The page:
How gender shapes women’s experiences of searching for missing migrant relatives
When people go missing on migration journeys, their disappearance has reverberating effects on anyone who loves or depends on them. Some of the implications of such a loss can be exacerbated due to long-standing forms of gender-based inequalities.
“I was five months pregnant while he was moving to South Africa. Then I gave birth after four months; he left Ethiopia. You see.... I don’t know how I am going to raise these kids. I sold everything we had to search for information and to make international calls to his friends, relatives and sometimes to the brokers. Now the moneylenders are asking me to pay back as per agreement or they will take the land. Yet, I can’t pay their money and the interest. The debt is increasing every year. Initially, we thought that my husband would pay back the money we have taken [once] he arrived in South Africa.” (Woman whose husband went missing on his migration journey to South Africa).
In 2020, IOM’s Global Migration Data Analysis Centre (IOM GMDAC) carried out research in Ethiopia, Spain, the United Kingdom (UK) and Zimbabwe with the aim of learning how people with missing migrant relatives cope with the absence of their loved ones while actively seeking answers, and how they could be better supported in their efforts by governments and other actors. A key finding from the research is that gender shapes people’s experiences of searching for and coping with the absence of a loved one lost during migration, alongside ethnic identity, racialization, citizenship/immigration status, class, sexuality, ability, language or religion.
Women’s experiences of the search
Conversations with families in the four countries revealed how gender perceptions can create barriers and challenges for people carrying out the search, which consistently places women at a disadvantage.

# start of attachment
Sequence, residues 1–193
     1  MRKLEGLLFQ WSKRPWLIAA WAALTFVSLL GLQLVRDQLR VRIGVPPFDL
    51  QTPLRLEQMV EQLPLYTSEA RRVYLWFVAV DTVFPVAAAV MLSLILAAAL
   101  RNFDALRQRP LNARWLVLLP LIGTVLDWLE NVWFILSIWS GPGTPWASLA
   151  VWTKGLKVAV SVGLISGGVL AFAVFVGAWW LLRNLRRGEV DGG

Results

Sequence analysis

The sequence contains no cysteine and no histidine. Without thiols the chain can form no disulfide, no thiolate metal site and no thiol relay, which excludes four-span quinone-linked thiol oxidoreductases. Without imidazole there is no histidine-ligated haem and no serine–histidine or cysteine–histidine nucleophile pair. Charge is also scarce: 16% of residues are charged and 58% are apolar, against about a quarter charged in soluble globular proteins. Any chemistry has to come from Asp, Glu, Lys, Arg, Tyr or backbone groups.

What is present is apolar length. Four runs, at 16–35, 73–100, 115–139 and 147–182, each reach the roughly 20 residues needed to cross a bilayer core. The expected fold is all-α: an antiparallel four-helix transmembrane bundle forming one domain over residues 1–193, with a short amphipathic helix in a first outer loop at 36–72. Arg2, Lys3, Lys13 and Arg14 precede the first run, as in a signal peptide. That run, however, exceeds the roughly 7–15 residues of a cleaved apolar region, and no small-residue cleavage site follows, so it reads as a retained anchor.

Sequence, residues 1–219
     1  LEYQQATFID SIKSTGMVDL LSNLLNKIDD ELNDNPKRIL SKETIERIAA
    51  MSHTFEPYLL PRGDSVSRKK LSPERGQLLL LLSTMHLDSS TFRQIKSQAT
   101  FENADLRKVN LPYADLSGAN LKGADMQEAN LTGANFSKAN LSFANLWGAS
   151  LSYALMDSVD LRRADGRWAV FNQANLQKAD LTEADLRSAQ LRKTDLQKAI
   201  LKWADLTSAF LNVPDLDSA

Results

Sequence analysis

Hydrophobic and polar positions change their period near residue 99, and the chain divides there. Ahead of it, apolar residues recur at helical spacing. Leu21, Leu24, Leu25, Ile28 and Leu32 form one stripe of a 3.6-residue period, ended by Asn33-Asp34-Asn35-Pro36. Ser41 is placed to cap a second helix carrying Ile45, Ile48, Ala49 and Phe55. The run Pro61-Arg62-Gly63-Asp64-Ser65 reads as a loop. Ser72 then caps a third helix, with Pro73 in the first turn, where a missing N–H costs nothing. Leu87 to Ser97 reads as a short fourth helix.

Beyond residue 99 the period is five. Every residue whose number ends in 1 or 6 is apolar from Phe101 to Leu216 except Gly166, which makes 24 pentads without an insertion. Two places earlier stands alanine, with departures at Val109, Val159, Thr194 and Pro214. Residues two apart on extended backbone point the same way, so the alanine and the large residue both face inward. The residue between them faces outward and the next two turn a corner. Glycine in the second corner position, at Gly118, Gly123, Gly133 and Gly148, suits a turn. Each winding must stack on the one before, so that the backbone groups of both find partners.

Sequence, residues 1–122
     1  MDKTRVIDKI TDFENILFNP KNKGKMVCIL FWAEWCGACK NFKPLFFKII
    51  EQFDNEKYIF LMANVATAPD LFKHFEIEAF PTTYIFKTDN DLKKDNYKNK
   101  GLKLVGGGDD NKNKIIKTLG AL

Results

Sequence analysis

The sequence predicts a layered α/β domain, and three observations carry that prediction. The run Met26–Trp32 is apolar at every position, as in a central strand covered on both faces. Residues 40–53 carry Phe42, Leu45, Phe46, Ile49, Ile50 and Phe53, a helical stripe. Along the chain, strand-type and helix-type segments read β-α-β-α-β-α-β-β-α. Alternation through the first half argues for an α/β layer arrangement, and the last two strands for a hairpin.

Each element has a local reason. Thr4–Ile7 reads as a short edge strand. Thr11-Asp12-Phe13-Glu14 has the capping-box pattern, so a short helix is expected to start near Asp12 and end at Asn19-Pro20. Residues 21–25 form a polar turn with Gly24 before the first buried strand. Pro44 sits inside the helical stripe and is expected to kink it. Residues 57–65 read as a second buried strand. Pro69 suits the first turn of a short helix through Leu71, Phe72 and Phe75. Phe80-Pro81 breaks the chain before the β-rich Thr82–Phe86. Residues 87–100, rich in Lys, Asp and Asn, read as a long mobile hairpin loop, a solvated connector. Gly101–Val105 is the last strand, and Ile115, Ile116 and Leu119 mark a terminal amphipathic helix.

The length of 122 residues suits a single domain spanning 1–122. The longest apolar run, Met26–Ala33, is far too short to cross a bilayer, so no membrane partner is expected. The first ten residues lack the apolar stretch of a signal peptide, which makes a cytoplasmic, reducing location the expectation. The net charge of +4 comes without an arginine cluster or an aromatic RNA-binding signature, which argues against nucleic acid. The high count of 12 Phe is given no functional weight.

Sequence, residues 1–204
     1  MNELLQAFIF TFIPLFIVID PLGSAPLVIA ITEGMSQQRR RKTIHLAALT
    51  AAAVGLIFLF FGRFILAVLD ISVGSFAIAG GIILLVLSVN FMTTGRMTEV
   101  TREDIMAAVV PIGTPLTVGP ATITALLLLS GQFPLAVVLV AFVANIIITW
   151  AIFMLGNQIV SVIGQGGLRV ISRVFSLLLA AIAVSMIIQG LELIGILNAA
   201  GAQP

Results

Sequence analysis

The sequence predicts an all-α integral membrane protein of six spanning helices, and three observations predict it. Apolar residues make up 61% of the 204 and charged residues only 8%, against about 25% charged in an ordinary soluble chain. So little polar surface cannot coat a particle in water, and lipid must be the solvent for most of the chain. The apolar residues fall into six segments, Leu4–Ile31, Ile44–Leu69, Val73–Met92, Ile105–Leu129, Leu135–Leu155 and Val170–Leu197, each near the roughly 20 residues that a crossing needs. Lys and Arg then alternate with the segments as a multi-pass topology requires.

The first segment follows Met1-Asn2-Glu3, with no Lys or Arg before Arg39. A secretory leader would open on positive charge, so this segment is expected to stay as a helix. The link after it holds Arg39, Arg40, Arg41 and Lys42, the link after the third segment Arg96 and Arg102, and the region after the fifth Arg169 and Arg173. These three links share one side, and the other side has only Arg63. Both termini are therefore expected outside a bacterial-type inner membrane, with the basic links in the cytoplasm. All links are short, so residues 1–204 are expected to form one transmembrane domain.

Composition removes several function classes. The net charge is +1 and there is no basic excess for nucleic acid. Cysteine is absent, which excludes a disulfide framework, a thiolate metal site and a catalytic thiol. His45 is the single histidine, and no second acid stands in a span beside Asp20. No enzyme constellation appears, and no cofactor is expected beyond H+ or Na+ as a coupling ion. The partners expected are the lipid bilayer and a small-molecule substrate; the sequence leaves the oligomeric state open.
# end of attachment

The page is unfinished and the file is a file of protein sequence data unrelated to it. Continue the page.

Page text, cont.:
For example, decisions on when, where and how to search for missing relatives are often shaped by gender norms. Gendered and stereotyped perceptions of women as overly emotional, sensitive or fragile often limit their access to information and their level of decision-making concerning the search. Within families and communities, men often take decisions to restrict the amount of information concerning the search that is shared with women, in an attempt to “reduce their suffering” or to “protect them”. This does not only hinder communication, but often results in women’s perspectives, needs and priorities being dismissed. Omar  for instance, who has been searching for his older brother who went missing on his journey to Spain, told us: “There are times when I need to hold back information from my mother to protect her. […Because] she cries often, on important holidays she remembers him a lot.”
Women also told us how they faced limited or restricted access to social spaces where they could conduct a search, as these were often spaces dominated by men. This issue was evident in Munish’s reflections on the search for her brother, who went missing on his journey to the UK: “We have an association and sometimes I want to go there to ask people. But being a woman, it is not that easy because it is mostly men who attend the meetings. […] Women are not banned from attending the meetings, but it is complicated. […] It is frowned upon in the community to mix with men that way, so no woman really does it.”